US President Donald Trump denies having asked then FBI director James Comey to stop investigating ex-national security advisor Michael Flynn
WASHINGTON (Reuters) - The U.S. House of Representatives on Friday backed for a second time legislation that would terminate President Donald Trump’s February declaration of a national emergency on the southern border with Mexico, sending the measure to the White House for Trump’s expected veto.
The Democratic-led House passed the joint resolution by 236-174, as 11 Republicans and one independent joined Democrats in casting yea votes. The Republican-led Senate approved the measure earlier this week by 54-41. Eleven of the Senate’s 53 Republicans joined Democrats favoring the resolution.
Trump used the very first veto of his presidency this March to strike down a similar measure that had cleared the House and Senate. Congress was unable to muster the two-thirds majorities in both chambers to override that veto and is not expected to do so this time.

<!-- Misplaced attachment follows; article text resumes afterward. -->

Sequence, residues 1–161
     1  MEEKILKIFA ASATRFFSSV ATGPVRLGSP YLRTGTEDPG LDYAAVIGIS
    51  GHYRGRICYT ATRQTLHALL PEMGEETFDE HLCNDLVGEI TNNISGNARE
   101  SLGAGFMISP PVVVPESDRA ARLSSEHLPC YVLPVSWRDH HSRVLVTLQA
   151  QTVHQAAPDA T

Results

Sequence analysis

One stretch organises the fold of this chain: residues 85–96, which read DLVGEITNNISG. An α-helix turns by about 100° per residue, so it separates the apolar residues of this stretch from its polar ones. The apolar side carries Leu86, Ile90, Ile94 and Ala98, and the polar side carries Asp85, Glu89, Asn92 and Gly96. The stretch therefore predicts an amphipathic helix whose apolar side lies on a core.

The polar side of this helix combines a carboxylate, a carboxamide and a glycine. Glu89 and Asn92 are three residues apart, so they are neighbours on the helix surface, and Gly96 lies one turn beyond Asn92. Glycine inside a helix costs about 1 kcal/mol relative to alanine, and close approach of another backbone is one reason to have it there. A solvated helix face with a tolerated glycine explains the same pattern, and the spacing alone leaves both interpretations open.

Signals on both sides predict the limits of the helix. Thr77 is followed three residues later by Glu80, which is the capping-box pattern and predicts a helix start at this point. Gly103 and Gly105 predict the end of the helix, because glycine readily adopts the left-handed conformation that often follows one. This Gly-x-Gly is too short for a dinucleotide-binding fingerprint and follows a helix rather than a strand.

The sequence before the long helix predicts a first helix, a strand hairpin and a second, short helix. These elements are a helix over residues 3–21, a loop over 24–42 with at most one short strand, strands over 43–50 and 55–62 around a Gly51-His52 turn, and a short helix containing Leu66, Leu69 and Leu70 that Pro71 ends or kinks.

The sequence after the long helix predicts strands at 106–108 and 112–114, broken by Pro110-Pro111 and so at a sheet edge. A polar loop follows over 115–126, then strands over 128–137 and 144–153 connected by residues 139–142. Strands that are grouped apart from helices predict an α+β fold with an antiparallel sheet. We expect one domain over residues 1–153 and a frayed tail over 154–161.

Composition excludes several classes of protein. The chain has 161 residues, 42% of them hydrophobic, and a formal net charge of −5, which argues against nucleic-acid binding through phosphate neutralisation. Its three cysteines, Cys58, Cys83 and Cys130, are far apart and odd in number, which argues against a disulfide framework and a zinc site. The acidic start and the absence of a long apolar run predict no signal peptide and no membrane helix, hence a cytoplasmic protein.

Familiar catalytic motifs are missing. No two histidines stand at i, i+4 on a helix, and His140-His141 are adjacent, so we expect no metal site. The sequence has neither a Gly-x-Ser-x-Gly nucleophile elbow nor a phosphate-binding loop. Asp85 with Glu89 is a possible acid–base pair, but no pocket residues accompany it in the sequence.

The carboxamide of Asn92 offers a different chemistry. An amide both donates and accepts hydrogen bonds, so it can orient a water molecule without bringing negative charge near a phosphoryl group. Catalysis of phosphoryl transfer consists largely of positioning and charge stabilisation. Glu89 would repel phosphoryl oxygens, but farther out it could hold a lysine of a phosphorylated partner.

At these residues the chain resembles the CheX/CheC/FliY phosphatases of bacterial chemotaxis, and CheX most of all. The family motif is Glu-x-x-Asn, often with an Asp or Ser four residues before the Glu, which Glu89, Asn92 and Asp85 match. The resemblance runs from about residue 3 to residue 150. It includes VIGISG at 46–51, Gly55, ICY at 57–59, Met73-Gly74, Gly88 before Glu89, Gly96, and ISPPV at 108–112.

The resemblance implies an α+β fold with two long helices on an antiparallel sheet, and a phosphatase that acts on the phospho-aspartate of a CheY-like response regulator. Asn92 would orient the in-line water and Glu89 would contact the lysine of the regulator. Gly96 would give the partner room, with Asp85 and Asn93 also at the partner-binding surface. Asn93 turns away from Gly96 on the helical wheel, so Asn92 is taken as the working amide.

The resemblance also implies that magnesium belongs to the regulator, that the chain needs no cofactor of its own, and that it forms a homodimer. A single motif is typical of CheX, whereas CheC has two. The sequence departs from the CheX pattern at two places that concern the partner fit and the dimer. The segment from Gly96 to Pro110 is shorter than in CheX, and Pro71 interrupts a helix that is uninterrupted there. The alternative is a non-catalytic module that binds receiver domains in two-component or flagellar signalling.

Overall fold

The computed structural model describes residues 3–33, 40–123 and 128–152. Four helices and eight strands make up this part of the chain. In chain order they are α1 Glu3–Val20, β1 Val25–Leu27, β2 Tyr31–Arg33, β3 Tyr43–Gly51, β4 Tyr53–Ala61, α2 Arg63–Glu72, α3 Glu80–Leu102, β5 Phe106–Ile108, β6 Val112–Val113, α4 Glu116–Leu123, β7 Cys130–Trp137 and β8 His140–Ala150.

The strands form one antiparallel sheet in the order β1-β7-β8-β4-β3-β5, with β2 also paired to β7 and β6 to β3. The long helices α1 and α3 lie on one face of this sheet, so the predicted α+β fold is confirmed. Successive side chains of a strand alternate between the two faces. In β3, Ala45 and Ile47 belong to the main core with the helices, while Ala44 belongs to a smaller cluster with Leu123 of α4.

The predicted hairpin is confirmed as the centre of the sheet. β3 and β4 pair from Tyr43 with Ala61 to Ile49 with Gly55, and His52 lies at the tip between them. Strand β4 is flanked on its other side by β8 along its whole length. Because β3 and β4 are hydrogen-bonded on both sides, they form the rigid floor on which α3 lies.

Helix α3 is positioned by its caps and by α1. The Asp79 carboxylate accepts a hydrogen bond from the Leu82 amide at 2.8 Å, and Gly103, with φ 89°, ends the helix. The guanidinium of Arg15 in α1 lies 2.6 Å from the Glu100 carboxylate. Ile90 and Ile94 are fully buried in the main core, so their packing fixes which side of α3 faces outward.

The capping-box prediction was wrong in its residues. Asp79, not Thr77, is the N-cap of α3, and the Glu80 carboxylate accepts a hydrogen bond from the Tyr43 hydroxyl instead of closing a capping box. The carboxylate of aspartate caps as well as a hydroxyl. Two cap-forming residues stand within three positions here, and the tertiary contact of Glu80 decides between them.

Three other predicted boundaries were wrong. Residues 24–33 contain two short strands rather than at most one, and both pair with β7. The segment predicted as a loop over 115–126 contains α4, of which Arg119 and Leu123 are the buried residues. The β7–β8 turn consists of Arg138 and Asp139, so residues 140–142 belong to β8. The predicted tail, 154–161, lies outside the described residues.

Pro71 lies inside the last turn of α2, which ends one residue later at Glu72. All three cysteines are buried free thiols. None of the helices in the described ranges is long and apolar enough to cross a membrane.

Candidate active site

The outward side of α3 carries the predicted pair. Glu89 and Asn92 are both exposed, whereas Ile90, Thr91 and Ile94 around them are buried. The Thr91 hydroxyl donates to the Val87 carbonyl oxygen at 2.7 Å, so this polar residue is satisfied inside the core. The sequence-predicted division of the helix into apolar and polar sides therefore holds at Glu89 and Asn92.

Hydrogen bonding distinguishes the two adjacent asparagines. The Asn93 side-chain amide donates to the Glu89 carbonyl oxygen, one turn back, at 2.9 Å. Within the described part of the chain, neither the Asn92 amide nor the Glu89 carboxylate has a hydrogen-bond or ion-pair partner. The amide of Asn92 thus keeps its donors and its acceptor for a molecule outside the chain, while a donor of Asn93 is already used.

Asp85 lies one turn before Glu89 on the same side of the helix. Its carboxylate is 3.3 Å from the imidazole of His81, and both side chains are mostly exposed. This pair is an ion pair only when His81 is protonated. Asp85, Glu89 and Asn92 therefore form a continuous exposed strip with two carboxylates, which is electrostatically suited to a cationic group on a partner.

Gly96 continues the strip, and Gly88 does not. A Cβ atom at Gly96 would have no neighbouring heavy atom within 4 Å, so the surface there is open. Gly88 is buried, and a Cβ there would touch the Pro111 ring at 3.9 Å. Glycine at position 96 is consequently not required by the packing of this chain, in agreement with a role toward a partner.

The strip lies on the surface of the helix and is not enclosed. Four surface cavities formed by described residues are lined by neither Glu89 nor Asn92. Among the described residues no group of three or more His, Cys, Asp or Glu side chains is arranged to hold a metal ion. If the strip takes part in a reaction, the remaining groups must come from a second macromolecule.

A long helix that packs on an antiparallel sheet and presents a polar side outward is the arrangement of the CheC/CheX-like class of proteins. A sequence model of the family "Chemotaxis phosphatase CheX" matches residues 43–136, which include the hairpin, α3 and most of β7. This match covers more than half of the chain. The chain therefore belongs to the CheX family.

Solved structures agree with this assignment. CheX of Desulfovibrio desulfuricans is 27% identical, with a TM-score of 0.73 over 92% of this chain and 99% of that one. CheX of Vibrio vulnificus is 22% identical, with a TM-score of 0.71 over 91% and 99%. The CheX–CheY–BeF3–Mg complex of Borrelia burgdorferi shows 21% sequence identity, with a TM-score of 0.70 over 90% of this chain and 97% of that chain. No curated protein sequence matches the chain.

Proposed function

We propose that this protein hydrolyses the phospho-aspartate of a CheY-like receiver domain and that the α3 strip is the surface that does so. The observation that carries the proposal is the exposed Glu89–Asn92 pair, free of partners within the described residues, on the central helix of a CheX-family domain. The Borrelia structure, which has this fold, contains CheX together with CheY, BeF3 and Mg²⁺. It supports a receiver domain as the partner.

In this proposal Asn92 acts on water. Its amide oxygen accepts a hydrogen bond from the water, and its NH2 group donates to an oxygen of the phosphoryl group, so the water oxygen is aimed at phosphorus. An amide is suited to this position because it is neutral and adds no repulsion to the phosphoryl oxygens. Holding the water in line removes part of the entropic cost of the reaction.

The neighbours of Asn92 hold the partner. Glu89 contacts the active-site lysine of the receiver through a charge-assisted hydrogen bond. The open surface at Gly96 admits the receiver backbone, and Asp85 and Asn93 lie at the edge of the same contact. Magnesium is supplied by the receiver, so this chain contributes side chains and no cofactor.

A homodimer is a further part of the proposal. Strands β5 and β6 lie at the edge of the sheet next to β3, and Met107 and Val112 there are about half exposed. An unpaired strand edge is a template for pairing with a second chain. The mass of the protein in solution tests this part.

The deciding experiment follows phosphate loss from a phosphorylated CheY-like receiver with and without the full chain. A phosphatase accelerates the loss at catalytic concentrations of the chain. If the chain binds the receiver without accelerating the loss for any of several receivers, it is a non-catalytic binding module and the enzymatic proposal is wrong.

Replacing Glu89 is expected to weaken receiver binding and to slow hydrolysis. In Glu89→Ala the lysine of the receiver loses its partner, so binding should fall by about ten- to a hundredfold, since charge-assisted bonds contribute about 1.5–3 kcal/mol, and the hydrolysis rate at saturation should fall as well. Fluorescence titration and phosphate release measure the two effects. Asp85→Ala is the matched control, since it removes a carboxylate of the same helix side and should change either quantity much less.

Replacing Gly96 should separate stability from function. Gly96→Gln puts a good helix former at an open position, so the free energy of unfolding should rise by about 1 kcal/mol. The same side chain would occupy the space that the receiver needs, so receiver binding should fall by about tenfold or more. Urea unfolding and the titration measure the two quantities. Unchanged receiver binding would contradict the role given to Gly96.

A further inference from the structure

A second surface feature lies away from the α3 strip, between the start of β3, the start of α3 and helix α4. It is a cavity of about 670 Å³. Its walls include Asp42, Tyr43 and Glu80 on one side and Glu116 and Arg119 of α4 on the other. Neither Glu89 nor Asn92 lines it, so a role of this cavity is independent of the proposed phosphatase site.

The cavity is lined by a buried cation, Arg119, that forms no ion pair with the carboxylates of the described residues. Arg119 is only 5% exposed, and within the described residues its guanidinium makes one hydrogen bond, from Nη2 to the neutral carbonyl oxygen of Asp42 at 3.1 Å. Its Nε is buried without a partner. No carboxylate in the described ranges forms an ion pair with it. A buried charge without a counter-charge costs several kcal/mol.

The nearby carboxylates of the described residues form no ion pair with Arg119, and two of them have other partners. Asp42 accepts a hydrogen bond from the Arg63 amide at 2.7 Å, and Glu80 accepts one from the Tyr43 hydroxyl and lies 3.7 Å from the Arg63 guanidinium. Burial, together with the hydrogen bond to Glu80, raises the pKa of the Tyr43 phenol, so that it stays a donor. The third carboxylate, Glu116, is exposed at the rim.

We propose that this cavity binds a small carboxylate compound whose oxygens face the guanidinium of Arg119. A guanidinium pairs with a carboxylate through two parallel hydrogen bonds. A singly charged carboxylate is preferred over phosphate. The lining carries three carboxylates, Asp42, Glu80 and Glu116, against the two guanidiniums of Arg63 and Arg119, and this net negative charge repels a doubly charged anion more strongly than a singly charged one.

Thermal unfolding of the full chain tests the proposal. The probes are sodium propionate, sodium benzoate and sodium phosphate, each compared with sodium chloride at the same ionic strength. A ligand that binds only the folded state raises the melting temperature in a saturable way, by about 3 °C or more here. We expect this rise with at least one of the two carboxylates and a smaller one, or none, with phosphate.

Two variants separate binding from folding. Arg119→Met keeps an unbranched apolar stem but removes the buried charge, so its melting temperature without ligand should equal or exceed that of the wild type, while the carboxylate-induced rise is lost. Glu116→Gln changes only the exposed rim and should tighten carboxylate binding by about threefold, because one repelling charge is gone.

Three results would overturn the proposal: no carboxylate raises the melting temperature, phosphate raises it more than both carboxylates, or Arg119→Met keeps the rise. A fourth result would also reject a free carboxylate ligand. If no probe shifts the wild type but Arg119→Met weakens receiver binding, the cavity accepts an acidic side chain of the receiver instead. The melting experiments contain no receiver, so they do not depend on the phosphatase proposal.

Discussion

Trump declared the emergency on the southern border to circumvent Congress and take money already designated for other programs to pay for the U.S.-Mexico border wall he promised to build during his 2016 campaign.
Trump has also made his promise to build the wall a feature of his campaign for re-election next year.
Democratic lawmakers have said Trump’s declaration was an unconstitutional power grab that undercut Congress’ constitutionally mandated power over how the national government spends public money.
Republicans insist Trump acted legally under a 1976 law known as the National Emergencies Act, and that his efforts are necessary for national security.
But Democrats dispute the contention there is an emergency at the border with Mexico, a U.S. ally.
The issue landed in the courts and Trump won an early battle in July when the conservative-majority Supreme Court voted 5-4 to block a ruling by a federal judge in California that barred him from redirecting $2.5 billion in funds.
Congress has refused to meet Trump’s demands to fund a wall, although it has provided some funds for border fencing and other barriers.
This year, Trump sought $5.7 billion in wall funding. When Congress refused, a standoff ensued that triggered a month-long partial government shutdown that ended when the president agreed to $1.37 billion for border barriers, far less than he wanted.
Trump then declared the emergency, vowing to divert funds from other accounts for the wall.
Members of Congress from both parties have been particularly unhappy about Trump shifting large amounts of money from the military budget to fund the wall, including funds for housing, schools and childcare for members of the armed forces and their families.